Natural History of Noncirrhotic Portal Hypertension
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|ClinicalTrials.gov Identifier: NCT02417740|
Recruitment Status : Recruiting
First Posted : April 16, 2015
Last Update Posted : July 22, 2022
- Noncirrhotic Portal Hypertension (NCPH) is caused by liver diseases that increase pressure in the blood vessels of the liver. It seems to start slowly and not have many warning signs. Many people may not even know that they have a liver disease. There are no specific treatments for NCPH.
- To learn more about how NCPH develops over time.
- People age 12 and older who have NCPH or are at risk for getting it. In the past year, they cannot have had other types of liver disease that typically result in cirrhosis, liver cancer, or active substance abuse.
- Participants will have 2 screening visits.
- Visit 1: to see if they have or may develop NCPH.
- Medical history
- Physical exam
- Urine and stool studies
- Abdominal ultrasound
- Fibroscan. Sound waves measure liver stiffness.
<TAB>- Visit 2:
- Blood tests
- Abdominal MRI
- Liver blood vessel pressure (hepatic venous portal gradient (HVPG)) measurement. This is done with a small tube inserted in a neck vein.
- They may have a liver biopsy.
- All participants will visit the clinic every 6 months for a history, physical exam, and blood tests. They will also repeat some of the screening tests yearly.
- Participants with NCPH will also have:
- Upper endoscopy test. A tube inserted in the mouth goes through the esophagus and stomach.
- At least every 2 years: Esophagogastroduodenoscopy.
- At least every 4 years: testing including HVPG measurements and liver biopsy.
- Participants without NCPH will also have:
- Liver biopsy and HVPG measurements to see if they have NCPH.
- Every 2 years: abdominal MRI and stool studies.
- The study will last indefinitely.
|Condition or disease|
|Cystic Fibrosis Immunologic Deficiency Syndrome Turner Syndrome Congenital Hepatic Fibrosis Idiopathic Non-Cirrhotic Portal Hypertension|
|Study Type :||Observational|
|Estimated Enrollment :||400 participants|
|Official Title:||Natural History of Noncirrhotic Portal Hypertension|
|Actual Study Start Date :||July 27, 2015|
|Estimated Primary Completion Date :||September 4, 2029|
|Estimated Study Completion Date :||September 4, 2029|
Adult with absence of Portal Hypertension
Confirmed absence of Portal Hypertension will have no findings suggestive of non cirrhotic portal hypertension on liver biopsy and on portal pressure measurements on confirmatory examination.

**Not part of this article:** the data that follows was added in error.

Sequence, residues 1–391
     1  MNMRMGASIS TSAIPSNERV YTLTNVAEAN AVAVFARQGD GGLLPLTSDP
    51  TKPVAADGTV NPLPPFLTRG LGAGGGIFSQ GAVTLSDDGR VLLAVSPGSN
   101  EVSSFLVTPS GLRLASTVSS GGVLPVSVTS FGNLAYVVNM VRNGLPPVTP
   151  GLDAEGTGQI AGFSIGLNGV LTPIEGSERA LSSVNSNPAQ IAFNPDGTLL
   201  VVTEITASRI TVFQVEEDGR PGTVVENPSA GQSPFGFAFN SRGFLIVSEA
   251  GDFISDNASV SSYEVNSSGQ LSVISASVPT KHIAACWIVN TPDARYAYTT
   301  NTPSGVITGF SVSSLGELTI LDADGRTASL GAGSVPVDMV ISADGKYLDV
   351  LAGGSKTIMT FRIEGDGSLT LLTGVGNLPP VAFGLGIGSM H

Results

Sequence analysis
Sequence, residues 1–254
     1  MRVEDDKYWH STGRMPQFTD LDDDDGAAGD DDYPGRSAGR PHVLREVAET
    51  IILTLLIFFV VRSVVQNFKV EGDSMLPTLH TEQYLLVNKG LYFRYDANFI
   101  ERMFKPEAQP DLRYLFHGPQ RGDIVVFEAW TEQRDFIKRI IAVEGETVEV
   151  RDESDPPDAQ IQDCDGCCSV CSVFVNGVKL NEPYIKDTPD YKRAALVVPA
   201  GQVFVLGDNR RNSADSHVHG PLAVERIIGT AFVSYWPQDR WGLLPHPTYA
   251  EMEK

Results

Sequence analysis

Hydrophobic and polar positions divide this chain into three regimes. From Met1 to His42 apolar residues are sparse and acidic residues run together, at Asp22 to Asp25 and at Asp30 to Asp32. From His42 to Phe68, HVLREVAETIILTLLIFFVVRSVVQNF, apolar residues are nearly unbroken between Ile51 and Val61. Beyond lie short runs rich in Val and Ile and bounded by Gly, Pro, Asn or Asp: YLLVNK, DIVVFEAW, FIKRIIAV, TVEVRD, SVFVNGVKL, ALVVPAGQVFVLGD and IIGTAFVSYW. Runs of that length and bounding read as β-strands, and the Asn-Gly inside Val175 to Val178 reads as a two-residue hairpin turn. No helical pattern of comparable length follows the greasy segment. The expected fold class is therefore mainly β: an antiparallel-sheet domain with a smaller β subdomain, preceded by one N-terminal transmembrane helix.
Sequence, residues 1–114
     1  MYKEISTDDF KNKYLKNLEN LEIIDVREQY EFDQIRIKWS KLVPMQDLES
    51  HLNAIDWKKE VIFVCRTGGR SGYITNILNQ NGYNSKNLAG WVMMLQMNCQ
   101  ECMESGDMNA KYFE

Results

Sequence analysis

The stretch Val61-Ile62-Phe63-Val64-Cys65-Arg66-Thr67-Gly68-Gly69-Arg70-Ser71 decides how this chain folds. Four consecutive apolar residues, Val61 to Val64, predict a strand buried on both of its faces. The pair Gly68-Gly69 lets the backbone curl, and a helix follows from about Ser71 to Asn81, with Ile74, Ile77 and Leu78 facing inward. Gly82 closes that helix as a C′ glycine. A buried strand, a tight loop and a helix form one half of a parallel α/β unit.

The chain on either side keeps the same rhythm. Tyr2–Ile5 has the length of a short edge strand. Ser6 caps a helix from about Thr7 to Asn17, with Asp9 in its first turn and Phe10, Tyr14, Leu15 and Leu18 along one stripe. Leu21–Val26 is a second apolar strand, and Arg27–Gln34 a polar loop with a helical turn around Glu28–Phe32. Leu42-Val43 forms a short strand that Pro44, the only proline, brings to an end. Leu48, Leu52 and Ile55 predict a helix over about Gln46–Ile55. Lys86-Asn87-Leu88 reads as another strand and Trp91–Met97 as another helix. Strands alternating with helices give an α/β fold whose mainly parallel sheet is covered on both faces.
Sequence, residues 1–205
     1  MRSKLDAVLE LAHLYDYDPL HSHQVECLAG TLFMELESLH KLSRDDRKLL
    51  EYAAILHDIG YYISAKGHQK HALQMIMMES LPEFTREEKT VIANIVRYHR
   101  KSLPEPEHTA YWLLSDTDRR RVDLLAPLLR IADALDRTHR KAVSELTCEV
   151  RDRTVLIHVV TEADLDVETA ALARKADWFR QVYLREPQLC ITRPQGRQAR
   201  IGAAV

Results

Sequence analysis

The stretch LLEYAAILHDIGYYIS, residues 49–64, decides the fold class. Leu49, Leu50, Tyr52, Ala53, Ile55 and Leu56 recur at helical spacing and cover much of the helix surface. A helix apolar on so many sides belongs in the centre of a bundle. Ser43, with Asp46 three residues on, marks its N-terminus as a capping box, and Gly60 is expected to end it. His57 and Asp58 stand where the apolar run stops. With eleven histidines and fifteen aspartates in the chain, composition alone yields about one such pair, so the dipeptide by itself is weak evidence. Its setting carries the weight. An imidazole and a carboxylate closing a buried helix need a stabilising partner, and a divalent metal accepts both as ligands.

Adult with presence of Portal Hypertension
Confirmed Presence of Noncirrhotic Portal Hypertension, through confirmatory testing, tissue diagnosis by liver biopsy and/or portal hypertension (HVPG >5mmHg).
Minors likely to have the absence of Portal Hypertension
Minors identified as Confirmed Absence of Noncirrhotic Portal Hypertension will have no abnormal findings on confirmatory examination.
Minors likely to have the presence of Portal Hypertension
Minors identified as Confirmed Presence of Noncirrhotic Portal Hypertension, have shown they have the disease with a tissue diagnosis by liver biopsy and/or portal hypertension (HVPG >5).
- To study the natural history of non cirrhotic portal hypertension. It is an ongoing study. [ Time Frame: Ongoing ]natural history study
To learn more about this study, you or your doctor may contact the study research staff using the contact information provided by the sponsor.
Please refer to this study by its ClinicalTrials.gov identifier (NCT number): NCT02417740
|Contact: Shani C Scott, R.N.||(301) email@example.com|
|Contact: Theo Heller, M.D.||(301) firstname.lastname@example.org|
|United States, Maryland|
|National Institutes of Health Clinical Center||Recruiting|
|Bethesda, Maryland, United States, 20892|
|Contact: For more information at the NIH Clinical Center contact Office of Patient Recruitment (OPR) 800-411-1222 ext TTY dial 711 email@example.com|
|Principal Investigator:||Theo Heller, M.D.||National Institute of Diabetes and Digestive and Kidney Diseases (NIDDK)|